This series is awesome! Although the punishing difficulty can get annoying, the game is still great! Farming for cyber elves in the 1st game was really annoying and even more annoying when I found that using sub-tanks reduces rank, my rank became F forever :(

Played all games as well as ZX, ZX2 is the next game on my list :D Might play this collection again.

I also like Battle Network series so like SnackBox said: "I wish we had more talk on the Battle Network series!"

Jeremyx7

#20

Jeremyx7 said:

I actually bought the Megaman Zero Collection for the DS about a month ago and it's a great series! I felt they got better with each game although 3 starts off kinda bland it picks up great after about a quarter through the game. 4 is my personal favorite but sometimes ridiculously brutally challenging. Great series!

Magrane

#21

Magrane said:

Great article Philip! I don't know where my head was when Mega Man Zero 1-4 came out many moons ago, but I do remember a friend of mine constantly reminding me how good it was. Missed on on all the GBA titles but I woke up in time to purchase the DS collection last year. Still on MMZ1, but looking forward to enjoying this 'new' series.

Philip_J_ReedStaff

#22

Philip_J_Reed said:

I also like Battle Network series so like SnackBox said: "I wish we had more talk on the Battle Network series!"

I have a pretty small amount of experience with that series, so I'm hoping for VC releases eventually. Not holding my breath, but it sure would be nice.

Still on MMZ1, but looking forward to enjoying this 'new' series.

I hope you enjoy! The Zero series doesn't quite hit the heights of some other Mega Man games (IMHO of course) but overall, if you take all titles into account, it's probably my favorite. Having only four games really helps it retain a nice focus, and it prevents the quality from dropping off.

Rapido

#23

Rapido said:

Just what my Megaman Hardcore blood needs. I like its brutal difficulty, so rewarding.

DarkKirby

#24

DarkKirby said:

Mega Man Zero is by far my favorite Mega Man series of all time. I did S Rank everything in every game on Normal. Hard though...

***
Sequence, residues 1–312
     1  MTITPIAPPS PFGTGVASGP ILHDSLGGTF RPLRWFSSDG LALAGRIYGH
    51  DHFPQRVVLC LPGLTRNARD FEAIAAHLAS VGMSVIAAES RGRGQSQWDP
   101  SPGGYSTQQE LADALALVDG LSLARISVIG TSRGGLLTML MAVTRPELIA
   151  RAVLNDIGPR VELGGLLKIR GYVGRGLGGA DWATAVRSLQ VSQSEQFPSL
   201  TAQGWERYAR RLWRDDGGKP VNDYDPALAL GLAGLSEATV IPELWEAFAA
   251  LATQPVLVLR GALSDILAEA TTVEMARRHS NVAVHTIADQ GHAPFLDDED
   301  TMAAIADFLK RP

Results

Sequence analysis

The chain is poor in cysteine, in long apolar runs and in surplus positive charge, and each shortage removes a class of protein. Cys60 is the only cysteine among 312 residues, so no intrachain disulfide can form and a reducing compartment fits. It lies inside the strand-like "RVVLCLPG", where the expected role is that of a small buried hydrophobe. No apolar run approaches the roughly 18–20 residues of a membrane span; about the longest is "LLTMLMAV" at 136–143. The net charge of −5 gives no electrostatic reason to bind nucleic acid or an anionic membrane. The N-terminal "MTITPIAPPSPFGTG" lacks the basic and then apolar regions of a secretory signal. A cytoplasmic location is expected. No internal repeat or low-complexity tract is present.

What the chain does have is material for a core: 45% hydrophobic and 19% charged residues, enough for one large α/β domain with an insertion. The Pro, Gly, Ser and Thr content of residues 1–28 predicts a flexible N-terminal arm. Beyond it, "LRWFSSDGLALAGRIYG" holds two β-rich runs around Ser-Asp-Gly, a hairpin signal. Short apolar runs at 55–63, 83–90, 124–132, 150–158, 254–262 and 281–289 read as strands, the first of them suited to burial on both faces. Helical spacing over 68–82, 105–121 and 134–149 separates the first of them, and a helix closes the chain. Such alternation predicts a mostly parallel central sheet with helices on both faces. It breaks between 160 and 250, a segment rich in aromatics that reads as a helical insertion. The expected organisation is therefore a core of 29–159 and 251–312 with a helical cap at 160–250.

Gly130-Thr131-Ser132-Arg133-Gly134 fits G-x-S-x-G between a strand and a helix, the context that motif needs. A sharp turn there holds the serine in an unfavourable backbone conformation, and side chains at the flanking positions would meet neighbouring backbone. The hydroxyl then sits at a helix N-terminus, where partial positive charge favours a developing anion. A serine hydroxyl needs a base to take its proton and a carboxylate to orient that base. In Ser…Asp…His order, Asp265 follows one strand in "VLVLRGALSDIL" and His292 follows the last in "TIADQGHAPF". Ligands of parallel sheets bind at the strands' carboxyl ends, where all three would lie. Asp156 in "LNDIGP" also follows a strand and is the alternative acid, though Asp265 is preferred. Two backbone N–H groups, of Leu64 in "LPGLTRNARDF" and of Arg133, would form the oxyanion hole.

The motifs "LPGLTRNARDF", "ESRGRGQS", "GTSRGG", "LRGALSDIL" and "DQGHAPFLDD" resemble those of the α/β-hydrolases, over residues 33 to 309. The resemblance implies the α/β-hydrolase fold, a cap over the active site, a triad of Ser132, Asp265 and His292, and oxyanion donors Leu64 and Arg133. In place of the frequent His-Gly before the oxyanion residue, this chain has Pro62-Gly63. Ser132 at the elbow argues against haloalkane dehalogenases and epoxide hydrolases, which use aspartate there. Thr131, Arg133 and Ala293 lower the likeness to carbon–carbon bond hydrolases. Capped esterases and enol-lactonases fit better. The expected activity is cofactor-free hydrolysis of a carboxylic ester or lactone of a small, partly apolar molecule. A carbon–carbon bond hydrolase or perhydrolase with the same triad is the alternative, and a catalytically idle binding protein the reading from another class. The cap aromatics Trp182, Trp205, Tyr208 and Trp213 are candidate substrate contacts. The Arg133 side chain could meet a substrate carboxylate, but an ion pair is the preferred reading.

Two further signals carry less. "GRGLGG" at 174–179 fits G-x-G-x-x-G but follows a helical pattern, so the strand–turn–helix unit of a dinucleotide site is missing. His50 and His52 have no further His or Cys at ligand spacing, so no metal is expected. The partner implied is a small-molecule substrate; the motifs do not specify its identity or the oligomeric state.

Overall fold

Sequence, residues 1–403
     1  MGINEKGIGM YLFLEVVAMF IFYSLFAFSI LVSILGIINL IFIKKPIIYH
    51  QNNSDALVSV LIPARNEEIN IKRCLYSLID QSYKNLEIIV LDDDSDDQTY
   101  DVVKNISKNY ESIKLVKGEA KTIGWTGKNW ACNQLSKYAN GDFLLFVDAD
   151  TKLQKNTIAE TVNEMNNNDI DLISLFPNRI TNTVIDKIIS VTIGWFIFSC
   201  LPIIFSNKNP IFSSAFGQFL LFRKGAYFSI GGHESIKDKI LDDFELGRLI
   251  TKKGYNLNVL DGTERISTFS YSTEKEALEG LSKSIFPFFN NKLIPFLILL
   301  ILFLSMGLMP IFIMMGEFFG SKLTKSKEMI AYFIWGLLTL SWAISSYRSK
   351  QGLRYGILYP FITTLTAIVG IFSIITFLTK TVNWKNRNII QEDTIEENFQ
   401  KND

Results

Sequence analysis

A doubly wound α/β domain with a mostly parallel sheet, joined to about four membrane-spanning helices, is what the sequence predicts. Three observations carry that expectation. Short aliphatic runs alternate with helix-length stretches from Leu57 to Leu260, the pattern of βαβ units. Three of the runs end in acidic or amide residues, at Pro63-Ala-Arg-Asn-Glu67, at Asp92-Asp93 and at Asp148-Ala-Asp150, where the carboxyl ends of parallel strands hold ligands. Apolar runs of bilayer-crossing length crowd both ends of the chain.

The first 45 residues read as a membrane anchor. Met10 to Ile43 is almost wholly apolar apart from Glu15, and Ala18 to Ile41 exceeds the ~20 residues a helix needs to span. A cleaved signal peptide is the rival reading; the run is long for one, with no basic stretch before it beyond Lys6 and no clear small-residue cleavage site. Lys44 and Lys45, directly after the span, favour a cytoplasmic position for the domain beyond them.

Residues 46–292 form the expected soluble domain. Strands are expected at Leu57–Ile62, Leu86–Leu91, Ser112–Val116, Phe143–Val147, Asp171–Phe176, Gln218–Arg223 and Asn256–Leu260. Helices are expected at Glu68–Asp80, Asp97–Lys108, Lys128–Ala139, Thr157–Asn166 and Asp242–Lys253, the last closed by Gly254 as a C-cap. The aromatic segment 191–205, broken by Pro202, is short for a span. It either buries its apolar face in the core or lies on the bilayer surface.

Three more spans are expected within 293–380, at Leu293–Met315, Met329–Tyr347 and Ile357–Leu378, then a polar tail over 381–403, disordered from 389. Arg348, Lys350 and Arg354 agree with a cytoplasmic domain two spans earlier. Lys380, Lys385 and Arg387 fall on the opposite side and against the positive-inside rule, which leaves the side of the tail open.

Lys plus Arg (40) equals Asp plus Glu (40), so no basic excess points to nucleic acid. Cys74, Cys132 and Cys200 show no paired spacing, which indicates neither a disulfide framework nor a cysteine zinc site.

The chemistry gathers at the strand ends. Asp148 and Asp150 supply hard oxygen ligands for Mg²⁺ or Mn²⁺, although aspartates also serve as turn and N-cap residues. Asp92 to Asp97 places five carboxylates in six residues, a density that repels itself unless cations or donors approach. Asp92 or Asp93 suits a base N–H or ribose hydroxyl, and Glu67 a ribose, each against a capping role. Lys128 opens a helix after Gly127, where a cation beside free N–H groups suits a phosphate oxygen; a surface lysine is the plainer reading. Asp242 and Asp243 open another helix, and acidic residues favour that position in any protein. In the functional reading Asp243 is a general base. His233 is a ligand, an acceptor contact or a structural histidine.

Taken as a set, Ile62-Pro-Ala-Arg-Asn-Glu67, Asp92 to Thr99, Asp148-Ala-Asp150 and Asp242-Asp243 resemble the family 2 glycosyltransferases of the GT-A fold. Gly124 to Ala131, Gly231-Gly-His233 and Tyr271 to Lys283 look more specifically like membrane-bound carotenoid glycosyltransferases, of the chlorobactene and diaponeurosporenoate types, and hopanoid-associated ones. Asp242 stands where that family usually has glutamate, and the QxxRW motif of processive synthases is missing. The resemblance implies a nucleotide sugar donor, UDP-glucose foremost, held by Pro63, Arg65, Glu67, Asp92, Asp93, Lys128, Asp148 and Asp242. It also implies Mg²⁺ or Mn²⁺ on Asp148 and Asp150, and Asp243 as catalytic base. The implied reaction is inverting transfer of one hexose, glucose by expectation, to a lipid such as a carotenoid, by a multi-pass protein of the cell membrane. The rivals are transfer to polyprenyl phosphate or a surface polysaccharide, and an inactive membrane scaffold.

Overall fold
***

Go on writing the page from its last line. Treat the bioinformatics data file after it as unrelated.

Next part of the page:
juanduran1

#25

juanduran1 said:

Not only is the Mega Man Zero series my favorite of the Mega Man franchise, but it was also the first side scrolling Mega Man game I ever played. I was never good enough to get the S Ranks but it felt rewarding when I beat the game. Great review! =)

Retro_on_theGo

#26

Retro_on_theGo said:

I love this series. The zero series is one of my favorite megaman series ever. It's fun, fast pace, and satisfying. I have a burning passion for these wonderful games.

@Philip_J_Reed Sexy new avatar bro! :*

Philip_J_ReedStaff

#27

Philip_J_Reed said:

Anyone who can S Rank these games reliably should be reported to the government immediately, as they're obviously part of a plot to breed superhumans. In the first and second games I can do A ranks as long as I don't pop open any cyber elves though. I need more practice with 3 and 4.

@Retro_on_theGo I know it baby. ;)

WindWakerLink

#29

WindWakerLink said:

I love Rock Man Zero! [I don't enjoy calling it Mega man Zero because I grew up hearing called Rock Man Zero & not Mega Man Zero.]

This game is SO GOOD!! My favorite songs for it are: All the favorite missions, Neo Acadia & most of all "THE BOSS MUSIC!!!!" Like OH MY GOSH!!!! I mean, the BOSS music is AWESOME that it's played again in Rock Man Zero 2!!

This was a great read Philip! You brought back some painful & great memories of this challenging game for me. I'll add to my 'summer games' to play again. :D

colortvgame

#33

colortvgame said:

After probably thousands of game over screens, I've S ranked every level except the very last one.

Neo Arcadia Tower was the bane of my existence... Man, was that hard to S rank! Once I finally did it, I accidentally started the final level without saving; I was absolutely furious! Thankfully, about an hour later, I got 98p-- not a bad score at all. I just hope I never have to see that wretched tower again! :P